In China, the Leopard Cat’s habitat varies widely.  It occupies temperate, subtropical and tropical habitats, including primary and secondary forest, hill forest, shrub and grassland, but it is thought to prefer secondary forest and forest fringes.  It is less common in the arid areas of the north and the north-west, as well as high mountain shrubland and highland grass habitat.  It also lives in man-made economic forests (e.g. rubber and tea plantations and pine forests etc.) and agricultural landscapes, and is often seen near villages.

Main threats

In China, commercial exploitation has been heavy for the last several decades, especially in the southwest. The earliest available harvest numbers are from 1952 and add up to around 14,000 skins.  By 1981 this number had risen to 38,000 skins. In 1985-1988 very high estimates sometimes exceeded 400,000 skins and at least half of these skins came from Yunnan and Guizhou Province alone.  Many of these skins were exported to Europe until their import was banned in 1988, due to concerns over the species’ status.  Skins were also exported to Japan (50,000 skins in 1989), as well as surrounding regions (e.g. Nepal, Kashmir).

While export numbers were still high in 1988 (nearly 200,000 skins), they started to decline from less and 100,000 skins in 1989 to 8,000 in 1992 until export was suspended in 1993.

Major threats for this species in China in the past were over-harvesting and habitat loss with the strong deforestation during the rapid expansion of the human population.  Nowadays, the extent of direct persecution in form of illegal harvest and of indirect persecution through secondary poisoning of rodents is not known.  The Leopard Cat may profit from the human rural exodus, the reforestation and the decrease in commercial harvest, but there is no study available on the long-term population trends.

Current and future protection

Chinese export of Leopard Cat skins was suspended in April 1993.  At that time, the Chinese authorities declared a stockpile of roughly 800,000 skins and said that there had been no legal taking of skins since 1989.  China’s CITES Management Authority stated that export of skins or products not already held in stock was not permitted until a previously announced field survey had been completed, and a succeeding management program established.  Because the field survey had not been completed, after the old stockpile from the 1990s had been exported to exhaustion, no export permits were issued in subsequent years.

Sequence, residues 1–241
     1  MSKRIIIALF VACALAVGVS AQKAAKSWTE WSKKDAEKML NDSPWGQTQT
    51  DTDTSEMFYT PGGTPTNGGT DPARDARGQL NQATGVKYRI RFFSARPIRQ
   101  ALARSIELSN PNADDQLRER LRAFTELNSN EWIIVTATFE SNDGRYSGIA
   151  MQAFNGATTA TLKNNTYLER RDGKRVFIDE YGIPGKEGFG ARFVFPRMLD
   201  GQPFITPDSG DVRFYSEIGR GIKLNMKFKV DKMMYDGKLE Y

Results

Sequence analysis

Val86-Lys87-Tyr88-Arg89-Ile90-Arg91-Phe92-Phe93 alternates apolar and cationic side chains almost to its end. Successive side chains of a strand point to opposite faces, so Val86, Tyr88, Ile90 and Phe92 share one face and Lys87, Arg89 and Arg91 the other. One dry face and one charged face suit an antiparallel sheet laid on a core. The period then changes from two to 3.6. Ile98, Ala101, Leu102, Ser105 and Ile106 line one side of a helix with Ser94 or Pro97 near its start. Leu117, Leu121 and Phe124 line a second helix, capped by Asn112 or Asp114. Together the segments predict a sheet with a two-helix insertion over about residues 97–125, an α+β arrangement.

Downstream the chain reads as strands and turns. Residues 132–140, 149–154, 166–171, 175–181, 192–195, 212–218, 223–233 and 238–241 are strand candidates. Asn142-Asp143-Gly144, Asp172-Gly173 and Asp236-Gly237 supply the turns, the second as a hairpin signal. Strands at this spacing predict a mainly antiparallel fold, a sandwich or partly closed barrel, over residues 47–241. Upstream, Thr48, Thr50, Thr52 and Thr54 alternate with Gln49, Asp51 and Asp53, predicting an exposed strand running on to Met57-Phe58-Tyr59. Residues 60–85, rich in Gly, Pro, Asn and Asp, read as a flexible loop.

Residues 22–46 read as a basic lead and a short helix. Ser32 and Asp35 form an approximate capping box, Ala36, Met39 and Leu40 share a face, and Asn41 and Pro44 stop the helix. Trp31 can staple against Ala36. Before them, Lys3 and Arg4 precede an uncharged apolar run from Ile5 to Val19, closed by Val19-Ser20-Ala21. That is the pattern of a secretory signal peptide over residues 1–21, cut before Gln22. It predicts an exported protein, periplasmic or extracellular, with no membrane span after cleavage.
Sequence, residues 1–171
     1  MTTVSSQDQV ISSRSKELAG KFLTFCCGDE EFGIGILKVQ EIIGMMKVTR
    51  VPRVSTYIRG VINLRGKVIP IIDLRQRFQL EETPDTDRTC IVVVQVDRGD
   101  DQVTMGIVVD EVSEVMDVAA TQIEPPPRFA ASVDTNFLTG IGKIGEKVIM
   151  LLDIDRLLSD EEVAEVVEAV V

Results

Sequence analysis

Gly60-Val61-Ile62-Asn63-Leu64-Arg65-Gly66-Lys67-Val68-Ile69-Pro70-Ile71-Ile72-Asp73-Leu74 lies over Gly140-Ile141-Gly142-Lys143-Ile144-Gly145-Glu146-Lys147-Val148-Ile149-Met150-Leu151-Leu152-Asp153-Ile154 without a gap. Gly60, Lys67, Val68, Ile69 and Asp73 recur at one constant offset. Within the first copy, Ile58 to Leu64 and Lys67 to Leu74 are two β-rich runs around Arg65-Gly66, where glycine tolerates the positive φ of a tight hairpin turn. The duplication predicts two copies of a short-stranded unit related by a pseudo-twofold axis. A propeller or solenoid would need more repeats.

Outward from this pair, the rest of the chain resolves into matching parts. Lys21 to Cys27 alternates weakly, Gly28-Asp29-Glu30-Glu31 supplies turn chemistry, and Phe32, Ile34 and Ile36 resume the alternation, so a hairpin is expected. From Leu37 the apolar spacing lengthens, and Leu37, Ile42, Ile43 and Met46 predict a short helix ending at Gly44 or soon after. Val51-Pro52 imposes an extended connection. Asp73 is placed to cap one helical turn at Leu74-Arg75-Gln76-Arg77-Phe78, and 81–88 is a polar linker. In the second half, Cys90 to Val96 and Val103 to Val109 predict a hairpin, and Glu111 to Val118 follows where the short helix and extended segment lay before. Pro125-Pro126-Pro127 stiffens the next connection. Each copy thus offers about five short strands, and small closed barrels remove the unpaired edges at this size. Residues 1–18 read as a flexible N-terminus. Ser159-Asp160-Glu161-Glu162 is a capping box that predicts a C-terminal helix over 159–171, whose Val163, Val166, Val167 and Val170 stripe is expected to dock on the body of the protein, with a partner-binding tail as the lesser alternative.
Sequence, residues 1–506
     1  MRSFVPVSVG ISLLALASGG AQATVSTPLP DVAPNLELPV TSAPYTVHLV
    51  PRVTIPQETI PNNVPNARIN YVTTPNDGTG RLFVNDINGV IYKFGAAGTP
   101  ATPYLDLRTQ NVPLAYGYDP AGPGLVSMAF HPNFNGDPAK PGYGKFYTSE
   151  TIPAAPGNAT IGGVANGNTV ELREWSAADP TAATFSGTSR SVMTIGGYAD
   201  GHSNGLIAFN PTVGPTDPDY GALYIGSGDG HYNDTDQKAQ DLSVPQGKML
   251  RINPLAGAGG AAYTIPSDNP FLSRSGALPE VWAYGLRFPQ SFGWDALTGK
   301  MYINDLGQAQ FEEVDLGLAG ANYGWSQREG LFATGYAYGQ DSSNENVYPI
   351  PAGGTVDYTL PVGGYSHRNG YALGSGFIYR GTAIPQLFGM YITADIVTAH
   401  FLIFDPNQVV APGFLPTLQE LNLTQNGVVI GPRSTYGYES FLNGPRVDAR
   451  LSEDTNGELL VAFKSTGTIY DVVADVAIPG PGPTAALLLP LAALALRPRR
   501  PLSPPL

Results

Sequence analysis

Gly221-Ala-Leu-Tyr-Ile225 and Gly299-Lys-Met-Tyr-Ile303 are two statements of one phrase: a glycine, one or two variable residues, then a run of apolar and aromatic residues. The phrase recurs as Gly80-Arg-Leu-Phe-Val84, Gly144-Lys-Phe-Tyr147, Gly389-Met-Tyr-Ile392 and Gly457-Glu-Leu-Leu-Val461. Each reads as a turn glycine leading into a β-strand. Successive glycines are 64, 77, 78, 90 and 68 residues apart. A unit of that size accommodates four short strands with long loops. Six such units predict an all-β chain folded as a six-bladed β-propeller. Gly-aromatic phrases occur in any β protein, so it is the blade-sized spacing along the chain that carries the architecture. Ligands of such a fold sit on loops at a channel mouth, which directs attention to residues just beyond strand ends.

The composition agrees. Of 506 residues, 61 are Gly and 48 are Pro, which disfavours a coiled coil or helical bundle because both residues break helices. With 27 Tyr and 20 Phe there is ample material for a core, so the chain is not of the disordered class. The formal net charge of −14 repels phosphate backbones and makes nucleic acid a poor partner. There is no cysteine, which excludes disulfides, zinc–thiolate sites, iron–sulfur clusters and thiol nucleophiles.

There may be limited consumption in China’s domestic market, but the number should be low (perhaps a thousand or so yearly).  This may indicate that the hunting pressure on the Chinese Leopard Cat population has been dramatically reduced in recent years.  China’s massive natural forest protection campaign since 1998 may also be tremendously helpful for habitat recovery, which should be beneficial for the Leopard Cat.  Nevertheless, until comprehensive status and trade surveys supported by population ecology studies have been carried out, the status of the Leopard Cat remains unclear.

Source: IUCN Cat News Special Issue Autumn 2010, Author Yu Jinping

Member Photos: Amur Leopards

We are always happy to showcase wild cat photos on this blog, so if you have any pictures you to brag about, please email them to 

Our wandering member Ben Williams in the United Kingdom has sent us more wild cat photos, this time featuring some of the big guys. These Amur leopard photos were taken at the Cat survival Trust in Hertfordshire, UK. Click the photos to enlarge.

On a personal note – as Director of ISEC Canada, I am naturally partial to the smaller wild cats. 🙂 However, the first leopard photo here has absolutely captivated me. I find myself again and again, enlarging the picture and just gazing at it… I don’t know why this photo is affecting me this way, but I do think Ben has outdone himself with this one!

You can see more of Ben’s photographs on his website at

With a total population of 30-35 individuals, the Amur or Far Eastern leopard is one of the most endangered wild cats on earth. Read more about the vital conservation programs for them on the Amur Leopard Conservation website.

Posted by Pat Bumstead

Cats In China: Eurasian Lynx

The Eurasian lynx Lynx lynx is widely distributed from the northeast to the northwest and has been reported in the Baimaxueshan Nature Reserve, according to local reserve reports.  Specific distribution sites were confirmed by local field surveys when nature reserves were established.  In northern China the Eurasian lynx is distributed only in the mountainous areas surrounding Daxinganling Mountain.  Distribution areas include the forest in Heilongjiang and Jilin provinces and the northern part of Inner Mongolia in Northeast China.   In the northwest the lynx is seen almost everywhere in Ningxia, Gansu and Qinghai provinces as well as western Inner Mongolia and Tibet.  Lynx are not reported in southern China, indicating that the Eurasian lynx in a palaearctic species adapted to cold weather regions.

Threats and conservation

Two decades ago factors threatening the lynx including shooting, snaring, poisoning and removing cubs from dens.  Since the Wildlife Protection Law was enacted in 1988, hunting activities have been banned.  Strict limits on personal firearm possession since 2000 and associated punishments reduced field hunting sharply.  From 2003 to 2008, 31 lynx pelts, 27 small-bore rifles and 19 home-made Tibetan powder guns were confiscated in Qiantang Nature Reserve in Tibet.